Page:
Onward upward we continue. In under 30 mins we were pleasantly surprised as Ama Dablam with its 2 ridges and ‘lonely hiker’ came into full view. In an instant we turned our heads to Everest with its white cap (called a banner cloud) and welcoming smile. Nuptse, in front, was still forming an impregnable fortress. Another beautiful sunny day and we quickly shed off our layers as our body heat increased.
We could clearly see the Hillary Step which Tenzing and Edmond bravely overcame as the last hurdle. We could see the Southern Col and South cwm which together saw many brave mountaineers succumb. Nuptse blocked the rest.
I’ve never seen something so tall, so large, so solid, so freaking high. And, we were at 3500m above sea level. Imagine sitting on Durban beach and looking at an almost 9km building. Awe, simple awe.
We slowly rounded Ama Dablam gaining a very different perspective. The ridge was much sharper, steeper and I tried to imagine what it would take to summit it. It looked impossible to my untrained eye.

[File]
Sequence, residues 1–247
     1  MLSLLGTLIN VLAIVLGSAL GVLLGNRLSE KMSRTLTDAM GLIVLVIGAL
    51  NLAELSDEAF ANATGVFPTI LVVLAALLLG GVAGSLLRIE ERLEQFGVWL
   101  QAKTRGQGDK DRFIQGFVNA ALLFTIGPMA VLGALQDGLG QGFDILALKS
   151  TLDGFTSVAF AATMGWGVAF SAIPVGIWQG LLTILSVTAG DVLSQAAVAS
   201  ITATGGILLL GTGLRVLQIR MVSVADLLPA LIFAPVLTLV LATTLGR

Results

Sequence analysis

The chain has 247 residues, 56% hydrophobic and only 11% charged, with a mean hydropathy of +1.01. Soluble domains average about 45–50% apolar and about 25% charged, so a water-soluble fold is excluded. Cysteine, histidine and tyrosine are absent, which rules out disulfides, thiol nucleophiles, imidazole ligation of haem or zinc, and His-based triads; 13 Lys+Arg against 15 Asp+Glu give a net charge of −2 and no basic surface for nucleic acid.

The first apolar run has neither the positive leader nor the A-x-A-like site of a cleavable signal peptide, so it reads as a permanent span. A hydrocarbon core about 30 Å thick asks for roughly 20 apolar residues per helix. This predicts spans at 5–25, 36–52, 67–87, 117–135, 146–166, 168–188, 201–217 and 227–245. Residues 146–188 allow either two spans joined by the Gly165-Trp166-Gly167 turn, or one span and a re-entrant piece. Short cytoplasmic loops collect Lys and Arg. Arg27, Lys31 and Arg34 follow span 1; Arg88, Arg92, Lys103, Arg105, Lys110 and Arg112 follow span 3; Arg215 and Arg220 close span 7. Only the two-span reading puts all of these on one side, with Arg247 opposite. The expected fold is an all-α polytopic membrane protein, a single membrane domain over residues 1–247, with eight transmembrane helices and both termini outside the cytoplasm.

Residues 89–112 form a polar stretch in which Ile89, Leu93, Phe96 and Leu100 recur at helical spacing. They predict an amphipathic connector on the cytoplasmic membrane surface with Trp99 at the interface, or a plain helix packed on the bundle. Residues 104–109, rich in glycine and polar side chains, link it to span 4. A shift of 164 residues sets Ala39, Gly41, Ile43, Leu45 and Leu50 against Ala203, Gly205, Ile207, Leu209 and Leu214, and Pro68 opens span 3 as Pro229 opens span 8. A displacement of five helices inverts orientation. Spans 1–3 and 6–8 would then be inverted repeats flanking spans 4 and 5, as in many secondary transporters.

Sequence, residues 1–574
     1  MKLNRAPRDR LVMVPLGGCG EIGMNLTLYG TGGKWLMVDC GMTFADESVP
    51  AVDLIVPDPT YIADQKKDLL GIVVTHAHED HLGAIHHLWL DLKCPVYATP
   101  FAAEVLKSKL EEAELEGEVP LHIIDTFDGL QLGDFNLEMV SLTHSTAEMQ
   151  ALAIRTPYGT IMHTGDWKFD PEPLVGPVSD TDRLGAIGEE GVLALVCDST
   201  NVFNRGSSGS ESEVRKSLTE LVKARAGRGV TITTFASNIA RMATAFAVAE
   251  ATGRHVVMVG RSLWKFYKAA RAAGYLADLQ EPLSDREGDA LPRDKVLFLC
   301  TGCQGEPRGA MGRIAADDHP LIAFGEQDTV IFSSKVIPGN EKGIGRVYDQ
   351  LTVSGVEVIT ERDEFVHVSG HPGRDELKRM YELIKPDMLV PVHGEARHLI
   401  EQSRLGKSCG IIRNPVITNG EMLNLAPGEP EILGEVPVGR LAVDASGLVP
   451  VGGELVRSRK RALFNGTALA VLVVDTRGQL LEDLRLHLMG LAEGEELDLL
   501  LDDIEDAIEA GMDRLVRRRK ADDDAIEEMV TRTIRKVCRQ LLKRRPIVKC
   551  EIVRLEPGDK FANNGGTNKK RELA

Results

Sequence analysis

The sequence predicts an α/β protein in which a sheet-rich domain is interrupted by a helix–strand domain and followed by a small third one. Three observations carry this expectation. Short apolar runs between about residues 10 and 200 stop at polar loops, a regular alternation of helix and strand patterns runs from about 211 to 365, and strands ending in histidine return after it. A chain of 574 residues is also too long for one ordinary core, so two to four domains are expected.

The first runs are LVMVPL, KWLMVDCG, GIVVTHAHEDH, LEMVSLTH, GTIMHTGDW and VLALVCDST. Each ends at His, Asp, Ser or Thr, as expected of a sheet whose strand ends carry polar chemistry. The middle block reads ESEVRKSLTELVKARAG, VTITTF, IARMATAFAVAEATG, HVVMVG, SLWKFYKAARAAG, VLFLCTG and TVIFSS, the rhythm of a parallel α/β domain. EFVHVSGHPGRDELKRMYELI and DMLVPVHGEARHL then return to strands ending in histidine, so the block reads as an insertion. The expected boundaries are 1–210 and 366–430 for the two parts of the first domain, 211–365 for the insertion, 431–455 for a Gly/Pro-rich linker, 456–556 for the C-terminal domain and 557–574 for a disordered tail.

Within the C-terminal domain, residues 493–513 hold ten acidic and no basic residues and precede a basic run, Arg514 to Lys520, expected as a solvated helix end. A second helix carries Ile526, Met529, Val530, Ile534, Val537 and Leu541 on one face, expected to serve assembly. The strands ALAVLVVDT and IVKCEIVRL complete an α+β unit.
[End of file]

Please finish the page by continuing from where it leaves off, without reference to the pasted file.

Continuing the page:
We came across a quaint village called Kyanjuma as the warm morning sun mixed with the cool breeze produced a heavenly resting place. I could easily sit and write here for hours.
We left, entering the shady cool rhododendrum forest temporarily moving our view away from the mountains. A large herd of yak in a single disciplined file (different to the dzo which is a cross between a yak and a cow) gently glided past. Large beautiful creatures with deep black, brown or white long fur. Their large eyes displayed a deep gentleness and resignation. I instantly fell in love with them. They belonged to the mountain. They appeared more calmer and predictable than the dzo which unceremoniously bumped me.
We arrived in the valley, mainly descending but my watch showed 300m ascent. We stopped for a well deserved and delicious lunch and then started the tough climb. Again. Climbing. Step by step. Small steps. We climb. We just climb. Slowly. One foot then another. Check heart rate, check breathing. Stop. Move. Breathe. Continue climbing. Take in the view. Any distraction will do. Climb. Rest. View. Climb. The clouds gathered and all the peaks were hidden.
We suddenly reached Tyanboche, 5 hrs and 29 mins later climbing 733m and covering 10kms. After a refreshing hot shower (first in days), we visited the serene and world renowned Tyangboche Monastery. While Nepal is largely Hindu, most of the mountain tribes are Buddhists. We learnt about the stupa, mane and the various symbolism and incantations. One finds “om mane padme om” playing in shops and villages. The monastery like most religious places was a place of utmost serenity.
A cappuccino and chocolate mocha cake later was an over indulgence in this simple and dignified place, but it was good.